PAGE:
Beauty Is Good Character Analysis

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Beauty is good” stereotype
Through, Dion, Berscheid, and Walster’s investigation of the casual relationship between physical appearance and sexual identity, and these concepts relation to social interaction, the “beauty is good” stereotype was developed. According to Dion et. al, the “beauty is good” stereotype is the idea that “physically attractive individuals possess more favorable personality traits than unattractive individuals thereby leading to more happier fulfilled lives” (1972:289). Dion et. al research (1972) showed that physical attractiveness stereotypes exist and less attractive persons personality traits are unfavorable compared to physically attractive persons. Hence, Dion e.t al research attempted to determine if a physical
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For instance, Belle (Beauty and the Beast) is an intelligent heroine, who is adventurous and ambitious. Belle’s character differs from other characters like Gaston, whose ideals focus more on the beauty of others above all other attributes. Consequently, her community ostracizes Belle because she does not fit in with the morals of her community. Specifically, Belle’s fictional community does not support women engaging in the arts and humanities for personal pleasure. Similarly, all the leading characters except for the Beast are physically attractive, which leads others to assess their personalities as being favorable based on their attractiveness. The Beast was a monster because of his lack of beauty, and the Beast remained ugly until his encounter with Belle, which lead to the pair falling in love. Furthermore, the Beast was able to transform into a physically attractive character after uniting with Belle. Thus, female characters are labeled with the “beauty is good” stereotype more than male characters because of their gender, and women become more concerned with different beauty …show more content…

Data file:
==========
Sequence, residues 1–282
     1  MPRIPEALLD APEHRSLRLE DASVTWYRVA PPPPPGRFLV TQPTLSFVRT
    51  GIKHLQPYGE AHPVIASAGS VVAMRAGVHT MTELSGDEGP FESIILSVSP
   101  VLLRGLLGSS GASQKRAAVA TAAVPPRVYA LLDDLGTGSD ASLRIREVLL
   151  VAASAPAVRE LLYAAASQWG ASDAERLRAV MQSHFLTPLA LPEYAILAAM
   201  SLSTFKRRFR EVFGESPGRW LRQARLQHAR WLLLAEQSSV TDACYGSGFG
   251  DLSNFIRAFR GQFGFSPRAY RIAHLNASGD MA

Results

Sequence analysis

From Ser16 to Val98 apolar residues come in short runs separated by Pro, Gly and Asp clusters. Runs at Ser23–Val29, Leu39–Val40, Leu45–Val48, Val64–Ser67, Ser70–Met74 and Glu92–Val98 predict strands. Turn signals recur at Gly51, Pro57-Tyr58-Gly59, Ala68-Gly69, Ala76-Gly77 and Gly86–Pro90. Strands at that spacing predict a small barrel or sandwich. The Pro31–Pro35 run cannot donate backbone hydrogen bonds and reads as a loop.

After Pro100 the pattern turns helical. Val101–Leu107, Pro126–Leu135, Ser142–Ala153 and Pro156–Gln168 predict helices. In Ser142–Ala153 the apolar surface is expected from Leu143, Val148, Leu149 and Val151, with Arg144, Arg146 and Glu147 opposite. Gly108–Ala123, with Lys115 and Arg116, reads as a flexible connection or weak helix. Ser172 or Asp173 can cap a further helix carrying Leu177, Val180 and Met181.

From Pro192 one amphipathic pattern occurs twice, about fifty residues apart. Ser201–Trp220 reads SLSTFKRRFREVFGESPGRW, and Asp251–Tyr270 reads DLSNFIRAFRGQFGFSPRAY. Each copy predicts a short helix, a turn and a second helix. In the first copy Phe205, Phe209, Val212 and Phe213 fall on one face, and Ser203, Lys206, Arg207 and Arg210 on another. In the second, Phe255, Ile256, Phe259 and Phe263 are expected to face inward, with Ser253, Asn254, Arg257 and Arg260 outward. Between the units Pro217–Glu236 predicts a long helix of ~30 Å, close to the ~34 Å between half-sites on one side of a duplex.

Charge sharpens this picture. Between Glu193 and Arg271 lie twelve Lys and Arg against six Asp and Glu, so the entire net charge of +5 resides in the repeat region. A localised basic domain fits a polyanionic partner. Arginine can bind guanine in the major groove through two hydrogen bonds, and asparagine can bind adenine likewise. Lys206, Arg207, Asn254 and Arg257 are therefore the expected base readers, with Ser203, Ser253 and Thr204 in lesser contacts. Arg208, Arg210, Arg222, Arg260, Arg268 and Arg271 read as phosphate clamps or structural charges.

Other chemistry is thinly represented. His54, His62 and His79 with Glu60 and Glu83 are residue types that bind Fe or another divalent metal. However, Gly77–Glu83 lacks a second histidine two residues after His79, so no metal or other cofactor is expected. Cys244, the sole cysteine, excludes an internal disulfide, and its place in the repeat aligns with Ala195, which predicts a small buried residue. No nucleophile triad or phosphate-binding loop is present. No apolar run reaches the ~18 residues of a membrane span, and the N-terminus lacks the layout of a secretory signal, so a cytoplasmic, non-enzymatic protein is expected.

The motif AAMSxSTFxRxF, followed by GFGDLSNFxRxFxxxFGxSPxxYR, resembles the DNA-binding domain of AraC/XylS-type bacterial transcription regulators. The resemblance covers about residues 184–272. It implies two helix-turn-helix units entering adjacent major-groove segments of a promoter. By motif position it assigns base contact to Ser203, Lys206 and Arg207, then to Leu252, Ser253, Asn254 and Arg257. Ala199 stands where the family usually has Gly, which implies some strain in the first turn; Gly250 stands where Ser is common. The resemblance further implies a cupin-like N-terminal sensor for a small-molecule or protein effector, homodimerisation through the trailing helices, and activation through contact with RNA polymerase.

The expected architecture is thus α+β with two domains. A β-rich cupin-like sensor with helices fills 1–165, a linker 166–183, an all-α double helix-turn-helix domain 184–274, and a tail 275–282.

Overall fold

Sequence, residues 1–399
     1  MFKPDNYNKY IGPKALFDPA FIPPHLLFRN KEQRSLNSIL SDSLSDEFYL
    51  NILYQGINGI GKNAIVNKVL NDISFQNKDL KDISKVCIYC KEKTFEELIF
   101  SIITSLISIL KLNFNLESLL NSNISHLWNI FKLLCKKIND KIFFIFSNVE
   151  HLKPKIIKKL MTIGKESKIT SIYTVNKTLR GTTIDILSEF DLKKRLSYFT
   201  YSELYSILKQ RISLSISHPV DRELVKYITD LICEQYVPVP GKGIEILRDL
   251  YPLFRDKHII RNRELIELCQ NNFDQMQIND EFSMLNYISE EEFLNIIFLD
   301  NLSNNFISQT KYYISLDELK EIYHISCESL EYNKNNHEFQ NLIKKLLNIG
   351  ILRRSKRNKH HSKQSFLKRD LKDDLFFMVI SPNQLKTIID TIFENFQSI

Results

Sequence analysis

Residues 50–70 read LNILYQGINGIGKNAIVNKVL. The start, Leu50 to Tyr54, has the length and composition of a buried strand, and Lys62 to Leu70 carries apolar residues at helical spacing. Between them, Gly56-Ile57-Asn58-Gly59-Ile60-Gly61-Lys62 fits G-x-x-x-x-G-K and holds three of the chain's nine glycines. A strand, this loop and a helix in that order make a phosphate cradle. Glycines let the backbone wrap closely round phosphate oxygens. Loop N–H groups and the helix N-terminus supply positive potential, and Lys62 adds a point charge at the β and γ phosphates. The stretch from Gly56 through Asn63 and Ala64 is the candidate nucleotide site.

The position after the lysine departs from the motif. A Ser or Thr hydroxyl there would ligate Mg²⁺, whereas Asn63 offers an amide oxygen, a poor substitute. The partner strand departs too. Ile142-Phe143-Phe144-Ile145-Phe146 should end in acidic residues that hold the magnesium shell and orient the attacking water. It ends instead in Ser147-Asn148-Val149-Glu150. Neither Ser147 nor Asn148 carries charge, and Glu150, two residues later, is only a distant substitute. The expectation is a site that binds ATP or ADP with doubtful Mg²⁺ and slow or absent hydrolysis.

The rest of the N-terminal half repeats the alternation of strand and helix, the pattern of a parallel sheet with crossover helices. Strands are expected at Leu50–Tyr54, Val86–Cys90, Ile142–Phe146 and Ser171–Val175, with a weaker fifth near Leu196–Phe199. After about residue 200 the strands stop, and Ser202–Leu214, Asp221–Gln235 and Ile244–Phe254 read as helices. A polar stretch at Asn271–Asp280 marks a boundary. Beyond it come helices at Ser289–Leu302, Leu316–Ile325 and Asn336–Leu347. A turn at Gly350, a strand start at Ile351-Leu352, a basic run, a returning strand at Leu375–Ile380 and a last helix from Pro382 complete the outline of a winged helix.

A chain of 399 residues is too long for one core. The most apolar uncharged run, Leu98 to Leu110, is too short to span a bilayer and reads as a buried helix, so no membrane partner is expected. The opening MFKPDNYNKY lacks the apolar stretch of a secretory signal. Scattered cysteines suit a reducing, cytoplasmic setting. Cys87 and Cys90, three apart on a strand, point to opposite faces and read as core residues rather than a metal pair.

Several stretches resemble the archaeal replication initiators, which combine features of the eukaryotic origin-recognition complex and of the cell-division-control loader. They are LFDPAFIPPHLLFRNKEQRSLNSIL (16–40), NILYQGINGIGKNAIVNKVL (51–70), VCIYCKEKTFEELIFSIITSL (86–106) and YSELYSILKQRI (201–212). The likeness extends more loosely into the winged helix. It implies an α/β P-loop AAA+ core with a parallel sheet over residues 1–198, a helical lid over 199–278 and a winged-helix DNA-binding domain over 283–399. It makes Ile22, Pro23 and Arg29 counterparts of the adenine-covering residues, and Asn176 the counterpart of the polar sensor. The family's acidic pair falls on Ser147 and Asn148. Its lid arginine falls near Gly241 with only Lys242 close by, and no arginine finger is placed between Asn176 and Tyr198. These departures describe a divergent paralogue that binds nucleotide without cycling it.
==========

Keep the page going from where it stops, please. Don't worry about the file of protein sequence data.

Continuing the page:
In a study conducted by Wohlwend (2009), Wohlwend focused on interactive play between young girls who were avid Disney princess fans. Wohlwend wanted to assess the gendered identities associated with popular films and franchised Disney toys. In Wohlwend’s study, children who played with dolls during interactive play were girls and boys. The girls outnumbered the boys 3 to 2; however, boys were still present during the interactive play. The two boys who participated in the interactive doll play were teased by other male classmates (Wohlwend 2009). Additionally, the boys were often excluded from the princess play themes as oppose to being invited to play with other generic classroom dolls (Wohlwend 2009). In addition, as the girls played and wrote about different Disney princess dolls, they reproduced gender stereotypes found in commercial media (Wohlwend 2009). Prior to the study, Wohlwend coded groups based on the classroom of five and six year olds preferred interests, and her study focused on the group of children who were avid Disney princess fans. From Wohlwend’s study (2009), we can conclude, that children will adopt different roles as well as identities based on their interaction with groups they identify

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